I have had no fully functioning television since February. Strange, one may think given I work in TV. But, in fact, most of the children’s content I watch is online and on my laptop. What I have really missed however, (particularly with my poor health this year), is being able to lie down on a comfy sofa, and just press a button, watch a drama and, yes, distract. From the day’s challenges, the pain, the real world – a bit of escapism dare I say it. Now I won’t bore you with the over 50 calls with Sky and multiple engineer visits (suffice to say with my consumer journalist hat on if you have Sky Q and a BT Broadband it appears there is an incompatibility issue they are covering up), but I will say it has got me thinking about how not getting or having what we want affects us.
This week I decided to reflect on all the times I was getting hurt/angry/frustrated/anxious or down right upset. Almost all of them were in reaction to something I wanted and hadn’t got. A doctor to call. A prescription to be written. A TV to work. My house to sell. My Mum to feel better. The builders to stop banging. A car to let me pass by. The list goes on, and this was just in 24 hours! Big or small, not getting what we want can impact us negatively. But when I looked at my very long list, much of my distress was being caused by the way I reacted to these things. Could I manage them better I wondered? Now, if you don’t’ have food on your table, a roof over your head, freedom and safety that is different. But a working TV I pondered? Not to say I don’t want to sort this, and not to say with my “Watchdog” hat on I feel a responsibility to get to the bottom of it. But, which bits of my journey could I take control of and lessen the negativity?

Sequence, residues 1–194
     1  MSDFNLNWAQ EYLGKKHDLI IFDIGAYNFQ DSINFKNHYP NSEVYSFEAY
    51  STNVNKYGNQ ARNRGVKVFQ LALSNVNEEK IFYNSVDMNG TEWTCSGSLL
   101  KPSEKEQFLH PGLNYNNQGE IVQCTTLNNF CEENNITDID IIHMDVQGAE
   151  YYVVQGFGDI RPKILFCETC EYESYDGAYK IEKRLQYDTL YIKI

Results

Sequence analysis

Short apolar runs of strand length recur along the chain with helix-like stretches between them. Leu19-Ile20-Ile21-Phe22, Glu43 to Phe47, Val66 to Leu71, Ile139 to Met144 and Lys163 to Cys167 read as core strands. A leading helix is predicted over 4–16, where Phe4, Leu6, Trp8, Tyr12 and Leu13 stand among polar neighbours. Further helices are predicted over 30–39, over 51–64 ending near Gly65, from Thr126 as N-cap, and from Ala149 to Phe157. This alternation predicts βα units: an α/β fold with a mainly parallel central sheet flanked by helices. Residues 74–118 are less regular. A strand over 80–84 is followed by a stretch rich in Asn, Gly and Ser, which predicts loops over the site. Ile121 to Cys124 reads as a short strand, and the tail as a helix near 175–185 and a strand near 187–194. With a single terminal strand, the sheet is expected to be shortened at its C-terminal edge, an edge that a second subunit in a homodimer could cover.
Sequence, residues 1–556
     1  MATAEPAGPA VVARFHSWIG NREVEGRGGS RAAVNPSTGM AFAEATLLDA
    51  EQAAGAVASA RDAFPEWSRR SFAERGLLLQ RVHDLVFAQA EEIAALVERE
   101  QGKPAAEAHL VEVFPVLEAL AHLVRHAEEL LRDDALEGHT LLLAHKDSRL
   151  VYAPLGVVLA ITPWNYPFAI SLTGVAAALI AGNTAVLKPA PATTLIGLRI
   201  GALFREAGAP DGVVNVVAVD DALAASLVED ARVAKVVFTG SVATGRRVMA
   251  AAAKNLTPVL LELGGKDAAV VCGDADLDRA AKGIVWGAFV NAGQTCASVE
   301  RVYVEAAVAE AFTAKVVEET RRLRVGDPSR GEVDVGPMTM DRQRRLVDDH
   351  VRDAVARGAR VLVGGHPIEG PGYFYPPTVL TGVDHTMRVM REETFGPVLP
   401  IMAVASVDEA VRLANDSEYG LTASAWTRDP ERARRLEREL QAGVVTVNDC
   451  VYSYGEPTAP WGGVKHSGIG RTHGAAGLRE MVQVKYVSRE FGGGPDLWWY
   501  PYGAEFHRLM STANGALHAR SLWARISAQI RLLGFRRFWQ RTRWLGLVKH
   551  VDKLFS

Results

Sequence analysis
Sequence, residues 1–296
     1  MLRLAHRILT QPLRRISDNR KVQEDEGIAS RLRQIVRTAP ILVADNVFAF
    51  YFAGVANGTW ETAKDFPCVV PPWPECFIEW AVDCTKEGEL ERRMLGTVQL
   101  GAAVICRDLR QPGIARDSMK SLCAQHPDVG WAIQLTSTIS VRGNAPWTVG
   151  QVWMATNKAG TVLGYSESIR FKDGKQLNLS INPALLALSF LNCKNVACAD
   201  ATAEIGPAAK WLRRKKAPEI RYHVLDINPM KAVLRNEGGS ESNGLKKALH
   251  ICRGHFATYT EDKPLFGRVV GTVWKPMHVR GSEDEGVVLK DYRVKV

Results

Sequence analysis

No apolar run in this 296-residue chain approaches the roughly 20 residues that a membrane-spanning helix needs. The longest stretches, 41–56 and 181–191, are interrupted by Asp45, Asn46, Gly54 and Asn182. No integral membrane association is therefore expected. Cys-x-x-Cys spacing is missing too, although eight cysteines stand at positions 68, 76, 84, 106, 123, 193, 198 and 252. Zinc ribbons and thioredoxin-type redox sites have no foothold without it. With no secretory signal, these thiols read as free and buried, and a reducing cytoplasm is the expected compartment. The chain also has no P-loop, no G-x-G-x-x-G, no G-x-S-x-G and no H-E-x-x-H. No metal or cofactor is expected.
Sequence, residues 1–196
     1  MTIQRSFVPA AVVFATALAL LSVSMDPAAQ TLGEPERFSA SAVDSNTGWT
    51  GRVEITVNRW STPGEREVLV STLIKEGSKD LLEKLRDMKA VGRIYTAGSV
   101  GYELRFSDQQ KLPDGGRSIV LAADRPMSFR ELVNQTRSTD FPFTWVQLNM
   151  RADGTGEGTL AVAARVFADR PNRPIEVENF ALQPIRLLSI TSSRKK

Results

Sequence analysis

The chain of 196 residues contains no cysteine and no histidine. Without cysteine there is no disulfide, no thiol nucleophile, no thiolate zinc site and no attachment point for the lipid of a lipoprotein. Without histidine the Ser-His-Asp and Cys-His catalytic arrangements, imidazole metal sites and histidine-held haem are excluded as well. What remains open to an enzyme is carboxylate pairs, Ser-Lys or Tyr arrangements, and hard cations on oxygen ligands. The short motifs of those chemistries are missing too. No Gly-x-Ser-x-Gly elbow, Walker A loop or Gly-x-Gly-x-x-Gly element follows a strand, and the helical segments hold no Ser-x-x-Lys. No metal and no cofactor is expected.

Over the past months I have had so many emotions connected to this extremely frustrating and ongoing interaction with Sky. To the point where just the mention of “Sky” felt like a poison pill. But, much like with my illness, where does acceptance come in? Surely, it is important to take action so we are in control of our own lives and destinations, and not passive onlookers of injustice and more? But then perhaps it is not about the action or inaction, it is about the attachment or detachment from a specific outcome or how we get there. It is about removing ourselves from the drama. About ‘responding’ not ‘reacting’?. Acceptance of a situation is different from condoning or not taking action. I can accept the TV doesn’t work, keep calm, read a book, believe that the corporates are in the wrong, and still take further steps to resolve (with a large chunk of chocolate cake to hand!).
My reflections made me realise first and foremost so much upset is in fact at its foundation our reactions to not getting what we want. And for me then somehow getting involved in the drama of that. So, when I said to myself, who needs a TV anyway, how many hours do I waste a week? And then tried to let go of any outcome with Sky and BT, it felt better. It was an attitude, a detachment, a distancing that I know I have talked about before. One that comes for me if I meditate regularly, take time out, try not to ‘react’ but instead to ‘respond’.
“No turkeys at Christmas” was the headline I heard this week here in the UK. I wonder if my recent reflections or the space I am currently in fuelled my internal response, which was, ‘what mix of funky foods could we have on the 25th as an alternative Christmas dinner? No more worrying about when to put the bird in the oven, phew!’. And my relief today when I finally decided to take my house off the market and acknowledge I am fortunate to have a home at all. And, yes, I want to be fully well, but no longer ‘battling’ the system, fighting the pain, but calmly holding for the GP surgery to pick up for an hour and getting on with emails meantime, instead of angrily bubbling inside. (I kindly remarked when the receptionist picked up I had been waiting an hour and asked was there any way around this; FYI the answer was no!).
So my conclusion this week is that much of my upset is being caused by my reactions. And yes I am human, and yes it is OK and normal to feel these mix of emotions to the bigger things that cause distress. But how many are small and may offer me a better alternative path? Who is to say an Italian festive pasta with tiramisu and prosecco wouldn’t make a good Christmas day?! For those bigger life things like health, not getting involved in the drama and finding ‘space’ for calm, and a balanced response can only be of benefit.
So Hubbers, these are my rather rambly ponderings this week. Here in the UK I hope you are enjoying some of our autumnal sunshine this weekend, before the climes cool. And to everyone around the world, I wish you all a very healthy and happy week.